Afghanistan’s War Dogs: the good, the bad and the ugly

Photo courtesy of UK Forces Afghanistan

Lately, there have been a few stories about dogs in Afghanistan. One of the most touching has been that of British IED-detection dog Theo (pictured right) who allegedly died of a broken heart after his master, Lance Corporal Liam Tasker was shot in action this week. Animals are a welcome inclusion in the narrative of the Afghanistan conflict. Even sad stories such as Theo’s illustrate the selflessness, stoicism and loyalty of dogs on duty. Dogs can be a good news story that lift (or distract) public sentiment about a conflict.

Yet sometimes, the good tends to overshadow the reality of a dog’s life in war zones. In this post, I wanted to explore not only the good, but also the bad and ugly of life for man’s best friend in Afghanistan.

Photo courtesy of Department of Defence

The Bad. First, there are obvious physical risks to dogs deployed to combat zones, and many, like Theo, do not come home. Some die not just from wounds sustained in explosions—one of the vicissitudes of their line of work—but also from heat stroke, friendly fire, being run over, or, in the case of one US hero, being accidentally put down. Australia’s most recent canine casualty was Herbie (whose mates are pictured left, attending the memorial service of their fallen comrade in Uruzgan), killed alongside his handler Sapper Darren Smith in Afghanistan last year.

Second, the danger is ever increasing; now it appears the Taliban are offering bounties to snipers for killing dogs and their handlers, leaving their patrols vulnerable to explosives and no doubt, diminishing morale in the process and scoring a PR win.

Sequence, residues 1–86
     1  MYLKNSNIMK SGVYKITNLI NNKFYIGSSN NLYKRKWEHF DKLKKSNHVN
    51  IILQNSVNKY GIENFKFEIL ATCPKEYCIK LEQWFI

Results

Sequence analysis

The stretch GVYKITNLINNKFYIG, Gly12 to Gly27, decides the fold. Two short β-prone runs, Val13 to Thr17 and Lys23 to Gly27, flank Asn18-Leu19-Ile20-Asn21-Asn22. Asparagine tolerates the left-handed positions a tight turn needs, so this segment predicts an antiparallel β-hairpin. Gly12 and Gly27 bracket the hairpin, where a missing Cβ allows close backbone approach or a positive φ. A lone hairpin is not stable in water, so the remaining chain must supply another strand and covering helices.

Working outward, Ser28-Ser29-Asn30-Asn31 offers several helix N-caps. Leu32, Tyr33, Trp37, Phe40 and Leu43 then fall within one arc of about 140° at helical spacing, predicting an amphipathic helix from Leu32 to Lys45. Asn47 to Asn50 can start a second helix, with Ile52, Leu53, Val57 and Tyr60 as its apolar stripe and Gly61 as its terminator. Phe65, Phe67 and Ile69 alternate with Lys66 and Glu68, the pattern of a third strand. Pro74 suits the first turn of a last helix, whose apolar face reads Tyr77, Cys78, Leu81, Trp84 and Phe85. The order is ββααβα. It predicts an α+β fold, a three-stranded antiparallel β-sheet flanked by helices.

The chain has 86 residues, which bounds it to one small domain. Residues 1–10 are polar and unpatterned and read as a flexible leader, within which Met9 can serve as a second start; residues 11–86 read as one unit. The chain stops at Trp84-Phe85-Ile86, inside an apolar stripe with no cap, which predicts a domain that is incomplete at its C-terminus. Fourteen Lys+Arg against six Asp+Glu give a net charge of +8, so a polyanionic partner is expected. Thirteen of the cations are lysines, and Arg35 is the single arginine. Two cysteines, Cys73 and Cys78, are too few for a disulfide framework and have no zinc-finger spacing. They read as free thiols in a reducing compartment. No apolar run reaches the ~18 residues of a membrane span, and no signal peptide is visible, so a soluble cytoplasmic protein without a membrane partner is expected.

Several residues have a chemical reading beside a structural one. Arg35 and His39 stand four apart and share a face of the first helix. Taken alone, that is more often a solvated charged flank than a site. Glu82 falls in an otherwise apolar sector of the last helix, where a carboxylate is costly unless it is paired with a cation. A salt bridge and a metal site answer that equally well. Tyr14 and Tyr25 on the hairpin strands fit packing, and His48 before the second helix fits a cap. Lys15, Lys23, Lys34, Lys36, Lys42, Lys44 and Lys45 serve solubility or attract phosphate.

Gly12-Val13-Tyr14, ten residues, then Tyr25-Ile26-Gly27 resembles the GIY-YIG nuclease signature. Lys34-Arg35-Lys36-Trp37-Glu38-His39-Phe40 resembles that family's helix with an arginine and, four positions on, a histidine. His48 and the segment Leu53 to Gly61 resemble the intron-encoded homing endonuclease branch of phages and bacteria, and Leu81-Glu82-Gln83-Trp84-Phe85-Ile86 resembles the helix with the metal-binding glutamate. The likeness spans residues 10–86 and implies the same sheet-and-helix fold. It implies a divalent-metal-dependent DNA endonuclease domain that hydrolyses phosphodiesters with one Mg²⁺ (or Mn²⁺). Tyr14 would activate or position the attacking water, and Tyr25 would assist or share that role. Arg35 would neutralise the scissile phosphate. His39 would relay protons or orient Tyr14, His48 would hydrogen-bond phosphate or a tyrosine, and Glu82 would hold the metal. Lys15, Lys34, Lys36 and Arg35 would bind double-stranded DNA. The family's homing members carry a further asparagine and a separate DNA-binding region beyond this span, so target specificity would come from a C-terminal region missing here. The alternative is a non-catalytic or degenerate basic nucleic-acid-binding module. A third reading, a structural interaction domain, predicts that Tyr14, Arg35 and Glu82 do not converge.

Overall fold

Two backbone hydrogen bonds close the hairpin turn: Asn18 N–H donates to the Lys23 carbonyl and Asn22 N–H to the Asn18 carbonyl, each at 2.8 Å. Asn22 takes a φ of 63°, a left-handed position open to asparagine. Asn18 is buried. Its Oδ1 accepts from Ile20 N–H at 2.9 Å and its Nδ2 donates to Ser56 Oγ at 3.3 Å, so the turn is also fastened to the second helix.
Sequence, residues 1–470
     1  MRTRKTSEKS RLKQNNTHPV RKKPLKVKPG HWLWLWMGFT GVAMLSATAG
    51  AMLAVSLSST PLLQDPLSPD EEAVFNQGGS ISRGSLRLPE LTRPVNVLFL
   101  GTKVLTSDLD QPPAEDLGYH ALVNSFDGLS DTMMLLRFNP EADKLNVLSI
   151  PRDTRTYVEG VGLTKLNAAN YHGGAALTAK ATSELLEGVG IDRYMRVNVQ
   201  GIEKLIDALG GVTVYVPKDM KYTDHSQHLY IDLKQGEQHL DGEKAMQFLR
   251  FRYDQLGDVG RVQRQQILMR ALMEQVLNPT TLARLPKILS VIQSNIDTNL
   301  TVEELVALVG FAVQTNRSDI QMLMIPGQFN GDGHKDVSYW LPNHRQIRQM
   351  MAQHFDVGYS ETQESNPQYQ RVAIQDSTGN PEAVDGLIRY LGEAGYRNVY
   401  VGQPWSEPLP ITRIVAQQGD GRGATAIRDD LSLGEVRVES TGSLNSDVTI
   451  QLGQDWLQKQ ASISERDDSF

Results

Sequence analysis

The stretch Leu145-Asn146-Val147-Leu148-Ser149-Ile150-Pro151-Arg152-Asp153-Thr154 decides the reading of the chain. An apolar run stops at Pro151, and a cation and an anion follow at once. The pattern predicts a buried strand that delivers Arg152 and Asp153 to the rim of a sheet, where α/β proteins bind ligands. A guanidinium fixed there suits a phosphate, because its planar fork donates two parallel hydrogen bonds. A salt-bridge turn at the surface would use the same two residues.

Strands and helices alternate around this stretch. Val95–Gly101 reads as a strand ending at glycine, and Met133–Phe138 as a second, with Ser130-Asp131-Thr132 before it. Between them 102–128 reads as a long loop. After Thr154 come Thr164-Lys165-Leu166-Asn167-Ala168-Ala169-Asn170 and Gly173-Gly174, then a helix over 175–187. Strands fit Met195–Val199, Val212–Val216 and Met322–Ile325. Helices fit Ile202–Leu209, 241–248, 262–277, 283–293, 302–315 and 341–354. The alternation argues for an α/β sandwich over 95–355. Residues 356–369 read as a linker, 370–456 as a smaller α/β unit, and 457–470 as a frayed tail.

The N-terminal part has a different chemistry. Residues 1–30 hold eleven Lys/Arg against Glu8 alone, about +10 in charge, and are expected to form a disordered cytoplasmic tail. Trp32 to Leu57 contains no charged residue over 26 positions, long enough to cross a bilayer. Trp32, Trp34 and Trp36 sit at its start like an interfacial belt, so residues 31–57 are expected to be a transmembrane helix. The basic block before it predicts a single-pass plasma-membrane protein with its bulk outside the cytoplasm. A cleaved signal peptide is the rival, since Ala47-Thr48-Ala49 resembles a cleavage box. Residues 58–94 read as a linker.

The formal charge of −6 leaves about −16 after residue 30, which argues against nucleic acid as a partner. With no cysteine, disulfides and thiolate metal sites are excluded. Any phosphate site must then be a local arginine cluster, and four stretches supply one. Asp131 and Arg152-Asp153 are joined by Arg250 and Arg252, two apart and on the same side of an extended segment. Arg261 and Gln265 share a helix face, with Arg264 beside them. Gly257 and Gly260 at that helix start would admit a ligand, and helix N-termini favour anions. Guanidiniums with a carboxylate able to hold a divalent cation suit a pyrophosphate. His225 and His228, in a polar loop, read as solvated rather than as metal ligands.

Once their deployment(s) is over, these dogs are cared for in hospitals (examples include the Defence Animal Centre in the UK and Holland Military Working Dog Hospital in the US) or, if they are lucky, adopted.

Photo by Lorenzo Tugnoli, TIME

And the Ugly. The plight of ordinary Afghan dogs, relative to their military counterparts, is a secondary consideration; a foreign media curiosity at best, a problem too hard to solve at worst. Sure, they’re not actively protecting soldiers and dismantling insurgent threats but they too are caught up in a post-9/11 Afghanistan.

Despite being banned under the Taliban, the practice of dogfighting in recent times seems to have flourished (incidentally, their ability to draw crowds has made them a popular target for recent bomb attacks). Although not supported by all parts of Afghan society, owners defend the practice, arguing that the dogs are well fed and, unlike in other countries, the dogs are pulled apart and not fought to the death.

What does the case of Afghanistan tell us about how we value these animals? Military or “civilian”, the case of dogs in Afghanistan shows that, at the end of the day, dogs are a cog in the machinery of man’s life. Sometimes they pay the ultimate sacrifice whether we wage war or win wagers. Their further make their contribution as a part of the propaganda campaign of conflicts: the timing of announcing Sarbi’s return with then Australian PM Kevin Rudd’s visit to Afghanistan was not lost on the Australian media. Given the dearth of information on Afghanistan, why not a good news story about a long lost canine?

While womens’ rights are currently being compromised to further peace talks in Afghanistan, I am pessimistic about animals’, particularly dogs’, rights there. In any case, we should take a moment to respect the lives and contributions of war dogs everywhere. After all, for many, it truly is a dog’s life.

Post script: More more on war dogs, please see War Dog of the Week on Tom Ricks’ blog. For further information on Military Working Dogs in the ADF, please see the Australian Defence Force Trackers and War Dogs Association. For further information on animal welfare groups in Afghanistan, please see Nowzad Dogs.

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